warthog101
Posts: 306
Joined: Wed Sep 25, 2013 10:05 am

by warthog101

I do check my pads and pick bits of alloy out from time to time.
I do my own maintence and several of my bikes have 10s of thousands of ks on them.
That is simply the result of sand and grit being on the rim and a long wet commute.
No dirt roads but rural roads.
Noted that result several times, that was just one of the worse episodes so I took a photo.
Yes I have years of cycling and racing behind me also.
Disc brakes are far better in the wet and I recognise that.

Mr.Gib
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by Mr.Gib

c60rider wrote:
Tue Dec 07, 2021 11:19 pm
As was quoted somewhere on the forum by Graeme FK, quiet disc brakes in the wet are the Holy Grail ie it doesn't exist.
I spent 3 hours riding in a heavy fog/mist today. No doubt my rotors etc were wet at all times with no chance of drying out given only light braking was needed on my route. Terrifying noise, just wow. That's just the way it is. Happily the Juin Tech GT's are relatively quite when it comes to grit rubbing when not braking (bigger gap?) so a bit of win there.

Anybody watch the Boom cyclocross this past Saturday. I watched it with no commentary - ambient noise only. The brake noise was the worst I've ever heard. And while the usual howling when braking was plenty loud, the real excitement was just riding along :P most of the bikes sounded like a heavy metal chest being dragged accross a cement floor. I tried to see if I could notice whether Sram or Shimano equipped bikes were louder but they were all equally horrible.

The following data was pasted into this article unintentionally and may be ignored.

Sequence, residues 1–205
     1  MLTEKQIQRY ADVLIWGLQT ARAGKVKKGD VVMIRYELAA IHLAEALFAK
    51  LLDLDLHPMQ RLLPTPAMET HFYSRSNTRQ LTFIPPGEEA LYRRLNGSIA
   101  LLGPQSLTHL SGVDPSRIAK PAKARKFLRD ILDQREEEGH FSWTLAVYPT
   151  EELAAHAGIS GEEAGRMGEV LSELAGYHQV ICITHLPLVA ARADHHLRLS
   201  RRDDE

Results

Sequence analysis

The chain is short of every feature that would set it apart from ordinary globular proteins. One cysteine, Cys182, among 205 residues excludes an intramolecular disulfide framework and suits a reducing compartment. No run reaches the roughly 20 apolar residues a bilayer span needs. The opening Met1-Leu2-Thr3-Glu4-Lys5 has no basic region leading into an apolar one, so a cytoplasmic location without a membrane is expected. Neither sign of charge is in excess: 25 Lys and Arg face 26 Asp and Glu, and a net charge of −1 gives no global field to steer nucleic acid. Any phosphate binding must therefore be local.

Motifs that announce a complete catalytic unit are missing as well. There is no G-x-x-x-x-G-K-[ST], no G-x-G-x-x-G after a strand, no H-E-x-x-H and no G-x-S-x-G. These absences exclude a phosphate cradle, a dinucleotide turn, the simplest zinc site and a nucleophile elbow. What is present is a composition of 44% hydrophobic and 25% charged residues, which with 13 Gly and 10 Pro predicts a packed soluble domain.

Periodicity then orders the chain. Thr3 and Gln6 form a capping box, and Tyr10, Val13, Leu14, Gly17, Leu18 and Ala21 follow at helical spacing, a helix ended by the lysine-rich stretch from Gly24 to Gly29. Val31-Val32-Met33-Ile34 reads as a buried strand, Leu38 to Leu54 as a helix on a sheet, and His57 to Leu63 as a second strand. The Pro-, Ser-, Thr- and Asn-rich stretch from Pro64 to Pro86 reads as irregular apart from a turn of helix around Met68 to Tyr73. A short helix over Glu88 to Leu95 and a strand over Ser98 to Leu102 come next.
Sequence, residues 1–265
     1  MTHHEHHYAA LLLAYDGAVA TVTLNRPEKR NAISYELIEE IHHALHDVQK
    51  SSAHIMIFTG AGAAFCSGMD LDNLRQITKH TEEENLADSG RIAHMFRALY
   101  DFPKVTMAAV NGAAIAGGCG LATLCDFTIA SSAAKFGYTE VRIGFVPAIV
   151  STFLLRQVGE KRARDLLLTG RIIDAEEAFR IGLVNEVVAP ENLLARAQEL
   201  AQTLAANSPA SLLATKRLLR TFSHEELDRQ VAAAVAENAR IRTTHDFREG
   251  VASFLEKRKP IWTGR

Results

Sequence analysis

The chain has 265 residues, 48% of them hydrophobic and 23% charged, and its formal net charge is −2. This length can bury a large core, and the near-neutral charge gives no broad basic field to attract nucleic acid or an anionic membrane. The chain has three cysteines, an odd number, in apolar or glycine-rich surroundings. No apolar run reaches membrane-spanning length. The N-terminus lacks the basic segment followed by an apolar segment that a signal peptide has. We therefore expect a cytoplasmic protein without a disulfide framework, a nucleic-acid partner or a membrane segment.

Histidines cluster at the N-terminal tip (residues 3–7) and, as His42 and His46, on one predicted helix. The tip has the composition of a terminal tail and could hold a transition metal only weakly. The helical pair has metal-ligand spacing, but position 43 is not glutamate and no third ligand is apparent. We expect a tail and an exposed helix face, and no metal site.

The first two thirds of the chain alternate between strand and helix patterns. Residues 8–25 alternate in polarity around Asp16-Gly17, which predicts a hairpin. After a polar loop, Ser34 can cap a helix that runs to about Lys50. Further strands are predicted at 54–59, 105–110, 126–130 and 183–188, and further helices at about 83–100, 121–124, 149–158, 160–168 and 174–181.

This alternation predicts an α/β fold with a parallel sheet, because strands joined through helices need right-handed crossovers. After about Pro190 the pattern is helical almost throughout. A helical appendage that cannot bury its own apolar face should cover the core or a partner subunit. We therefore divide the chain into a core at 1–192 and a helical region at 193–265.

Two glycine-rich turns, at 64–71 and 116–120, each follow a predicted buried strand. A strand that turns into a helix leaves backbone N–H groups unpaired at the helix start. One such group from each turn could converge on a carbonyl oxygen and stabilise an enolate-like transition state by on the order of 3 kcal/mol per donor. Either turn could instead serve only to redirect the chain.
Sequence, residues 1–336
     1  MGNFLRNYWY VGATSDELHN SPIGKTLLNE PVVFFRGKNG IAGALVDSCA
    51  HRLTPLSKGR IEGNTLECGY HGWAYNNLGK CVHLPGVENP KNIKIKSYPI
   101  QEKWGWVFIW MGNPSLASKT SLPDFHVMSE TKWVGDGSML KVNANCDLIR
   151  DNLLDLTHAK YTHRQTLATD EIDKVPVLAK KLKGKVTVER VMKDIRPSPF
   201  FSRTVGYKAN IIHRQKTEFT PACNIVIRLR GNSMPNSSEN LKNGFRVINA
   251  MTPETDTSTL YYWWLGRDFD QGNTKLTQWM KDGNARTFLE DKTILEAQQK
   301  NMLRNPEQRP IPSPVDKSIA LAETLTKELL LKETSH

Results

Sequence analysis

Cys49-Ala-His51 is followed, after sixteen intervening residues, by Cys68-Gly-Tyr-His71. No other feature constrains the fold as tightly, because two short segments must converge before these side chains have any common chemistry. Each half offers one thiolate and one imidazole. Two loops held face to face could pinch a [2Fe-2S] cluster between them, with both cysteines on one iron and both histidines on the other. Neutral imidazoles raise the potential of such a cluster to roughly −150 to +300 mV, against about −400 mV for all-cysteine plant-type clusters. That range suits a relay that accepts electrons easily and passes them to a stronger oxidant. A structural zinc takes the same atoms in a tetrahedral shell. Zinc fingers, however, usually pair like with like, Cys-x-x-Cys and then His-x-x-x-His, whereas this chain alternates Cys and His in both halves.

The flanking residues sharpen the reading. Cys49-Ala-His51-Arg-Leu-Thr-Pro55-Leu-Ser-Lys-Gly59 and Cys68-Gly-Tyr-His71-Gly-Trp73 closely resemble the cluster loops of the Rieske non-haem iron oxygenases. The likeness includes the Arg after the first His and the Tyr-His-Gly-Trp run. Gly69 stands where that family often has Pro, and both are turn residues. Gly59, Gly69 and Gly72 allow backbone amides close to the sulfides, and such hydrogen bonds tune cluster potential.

We're all dupes. What would consumers do if their cars made this kind of racket. When someone cures this they will make some serious money. I just hope it's not Shimano or Sram that comes up with the cure. I've given those guys enough of my money.
wheelsONfire wrote: When we ride disc brakes the whole deal of braking is just like a leaving a fart. It happens and then it's over. Nothing planned and nothing to get nervous for.

bobones
Posts: 358
Joined: Mon Aug 12, 2013 11:19 am

by bobones

warthog101 wrote:
Wed Dec 08, 2021 4:05 am
Disc brakes are far better in the wet and I recognise that.